Kidney stones are small masses of salt and minerals that get buildup in the kidneys and gradually travel down to the urinary tract. They may vary in size from a small speck to as large as a ping pong ball. About 5% of the people develop kidney stones in their lifetime. Some of the signs and symptoms of kidney pain include pain in the abdomen, blood in urine, etc.
What causes kidney stones?
Kidneys regulate various levels of salts, fluids, minerals and other substances in the body. When there is a change in these levels it leads to the formation of kidney stones. There 4 different types of kidney stones comprising of different substances. Uric acid and Cystine are the 2 main components of kidney stones.
The risk factors that can increase the chances of kidney stones include:
- Family history
- Other medical conditions
Who is likely to get a kidney stone?
Men have a greater risk of being affected by kidney stones than women. Men tend to develop kidney stones in their early 40s and have chances of risk until late 70s. Women have a slightly lesser risk of kidney stones when they are in their 50s.
What are the symptoms of kidney stones?
Most of the kidney stones are painless until they travel down the ureter into the bladder. The pain due to the kidney stones may vary depending upon the size of the stone as it travels the urinary tract. It may range from mild to severe pain.
The common symptoms of kidney stones include the following:
- Blood in urine
- Lower back, abdomen, and sides are frequent sites of pain.
How are kidney stones diagnosed?
The kidney stones are diagnosed by taking a couple of tests such as x-rays called a KUB view (kidney, ureter, and bladder) and also a CT scan. It is mainly diagnosed by excluding other factors that cause abdominal pain and associated symptoms. As these tests involve exposure to low levels of radiation pregnant women should avoid these tests. Instead, they can opt for an ultrasound to diagnose kidney stones.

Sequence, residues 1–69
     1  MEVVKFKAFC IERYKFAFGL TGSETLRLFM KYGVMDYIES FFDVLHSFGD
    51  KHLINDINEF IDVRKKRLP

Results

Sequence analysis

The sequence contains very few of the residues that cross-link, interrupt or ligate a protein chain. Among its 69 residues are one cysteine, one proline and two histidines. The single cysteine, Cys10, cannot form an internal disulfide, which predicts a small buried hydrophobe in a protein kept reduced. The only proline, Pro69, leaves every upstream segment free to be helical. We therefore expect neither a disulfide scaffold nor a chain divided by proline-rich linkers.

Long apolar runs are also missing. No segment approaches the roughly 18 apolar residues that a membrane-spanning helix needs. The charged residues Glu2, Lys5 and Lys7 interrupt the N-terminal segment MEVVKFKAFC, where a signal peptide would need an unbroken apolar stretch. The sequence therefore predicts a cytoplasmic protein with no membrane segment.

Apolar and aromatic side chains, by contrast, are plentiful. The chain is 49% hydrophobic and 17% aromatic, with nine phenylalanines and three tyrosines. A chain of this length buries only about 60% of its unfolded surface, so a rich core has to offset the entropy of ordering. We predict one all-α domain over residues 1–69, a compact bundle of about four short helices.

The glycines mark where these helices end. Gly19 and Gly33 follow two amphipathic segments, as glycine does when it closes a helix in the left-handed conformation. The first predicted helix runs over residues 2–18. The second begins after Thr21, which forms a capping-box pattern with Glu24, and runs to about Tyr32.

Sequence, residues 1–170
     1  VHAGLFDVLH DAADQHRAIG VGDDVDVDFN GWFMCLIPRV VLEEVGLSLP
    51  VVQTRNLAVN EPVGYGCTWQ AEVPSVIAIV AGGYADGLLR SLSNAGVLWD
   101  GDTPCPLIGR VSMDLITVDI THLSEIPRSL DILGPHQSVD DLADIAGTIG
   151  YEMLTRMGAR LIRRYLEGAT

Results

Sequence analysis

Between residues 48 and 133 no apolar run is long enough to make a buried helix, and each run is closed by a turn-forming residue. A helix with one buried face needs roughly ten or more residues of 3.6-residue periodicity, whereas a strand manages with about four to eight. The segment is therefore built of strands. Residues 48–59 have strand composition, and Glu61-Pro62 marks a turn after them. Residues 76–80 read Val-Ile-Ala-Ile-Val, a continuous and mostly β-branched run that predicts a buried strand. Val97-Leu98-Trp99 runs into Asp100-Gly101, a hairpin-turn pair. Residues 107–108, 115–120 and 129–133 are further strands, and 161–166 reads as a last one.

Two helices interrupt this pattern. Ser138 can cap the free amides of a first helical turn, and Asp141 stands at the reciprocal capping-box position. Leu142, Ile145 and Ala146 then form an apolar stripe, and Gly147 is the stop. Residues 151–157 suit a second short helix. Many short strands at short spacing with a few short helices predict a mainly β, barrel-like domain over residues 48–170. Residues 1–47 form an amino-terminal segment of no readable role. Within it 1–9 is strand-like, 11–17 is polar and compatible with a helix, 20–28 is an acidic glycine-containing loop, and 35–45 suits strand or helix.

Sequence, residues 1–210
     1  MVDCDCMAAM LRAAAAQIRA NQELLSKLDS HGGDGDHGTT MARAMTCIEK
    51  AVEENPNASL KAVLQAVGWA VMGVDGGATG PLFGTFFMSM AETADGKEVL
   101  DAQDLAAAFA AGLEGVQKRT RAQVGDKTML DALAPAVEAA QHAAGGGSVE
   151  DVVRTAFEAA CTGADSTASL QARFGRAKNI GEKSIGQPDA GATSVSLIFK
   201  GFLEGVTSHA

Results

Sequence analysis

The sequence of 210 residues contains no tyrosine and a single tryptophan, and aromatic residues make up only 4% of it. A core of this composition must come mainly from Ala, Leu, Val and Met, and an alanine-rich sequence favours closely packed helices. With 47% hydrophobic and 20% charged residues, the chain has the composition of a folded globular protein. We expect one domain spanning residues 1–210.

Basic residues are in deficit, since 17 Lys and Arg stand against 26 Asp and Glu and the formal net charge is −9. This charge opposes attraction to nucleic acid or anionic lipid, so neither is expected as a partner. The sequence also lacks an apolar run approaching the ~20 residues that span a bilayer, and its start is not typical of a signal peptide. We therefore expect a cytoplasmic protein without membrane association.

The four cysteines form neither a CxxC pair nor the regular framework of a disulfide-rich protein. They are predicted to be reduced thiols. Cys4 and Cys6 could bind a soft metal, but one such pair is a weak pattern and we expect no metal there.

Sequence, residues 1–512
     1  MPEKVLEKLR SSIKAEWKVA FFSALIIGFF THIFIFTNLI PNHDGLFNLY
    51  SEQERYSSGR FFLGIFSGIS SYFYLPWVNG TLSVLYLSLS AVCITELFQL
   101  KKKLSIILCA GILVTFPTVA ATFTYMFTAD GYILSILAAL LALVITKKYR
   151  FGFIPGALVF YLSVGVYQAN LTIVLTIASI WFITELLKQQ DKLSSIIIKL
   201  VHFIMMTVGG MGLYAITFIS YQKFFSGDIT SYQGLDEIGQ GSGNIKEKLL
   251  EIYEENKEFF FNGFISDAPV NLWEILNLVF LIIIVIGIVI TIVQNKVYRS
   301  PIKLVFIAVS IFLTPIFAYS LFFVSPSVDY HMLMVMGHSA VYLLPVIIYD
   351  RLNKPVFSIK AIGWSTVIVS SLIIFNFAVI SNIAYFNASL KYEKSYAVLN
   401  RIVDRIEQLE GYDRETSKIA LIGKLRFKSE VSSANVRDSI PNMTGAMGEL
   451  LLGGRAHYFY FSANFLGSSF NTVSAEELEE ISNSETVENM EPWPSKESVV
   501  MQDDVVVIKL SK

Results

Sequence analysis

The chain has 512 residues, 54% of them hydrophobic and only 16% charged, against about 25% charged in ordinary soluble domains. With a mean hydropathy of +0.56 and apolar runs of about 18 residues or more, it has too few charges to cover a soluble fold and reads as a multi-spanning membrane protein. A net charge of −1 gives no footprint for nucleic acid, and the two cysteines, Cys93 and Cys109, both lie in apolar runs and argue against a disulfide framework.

What are the treatments for kidney stones?
The treatment for kidney stones mainly depends on the size of the stones. The smaller the stone the greater is the
chances that it will be passed out through the urine. Stones of 5 mm in size or even lesser have 20% chance that they do not require any intervention. Stones of 9mm and above cannot be passed out through urine and requires intervention.
The stones that are not passed out from the body are treated by a number of ways. They are:
- One such procedure is called lithotripsy. This procedure uses shock waves to break the stones into smaller pieces so that they are easily expelled out of the body. The device used for this procedure is called a lithotripter.
- Kidney stones can also be removed surgically. This involves a small incision through the skin to remove the kidney stones. This procedure is called as Percutaneous nephrolithotomy.
- It can also be removed with help of a ureteroscope, an instrument that is advanced up through the urethra, bladder, and the ureter.
How can kidney stones be prevented?
- The main cause for kidney stones is dehydration. So hydrate your body frequently with 6 to 7 liters of water every day.
- Grape juice is suspected of developing kidney stones. So it better to avoid that.
- Diet can influence kidney stones in many ways.
- Higher than recommended amounts of vitamin D, C, salt, proteins and foods rich in oxalate that is dark green vegetables can increase the risk of kidney stones.
- Body weight is also related to kidney stones. A person with high BMI is at greater risk of being affected by kidney stones.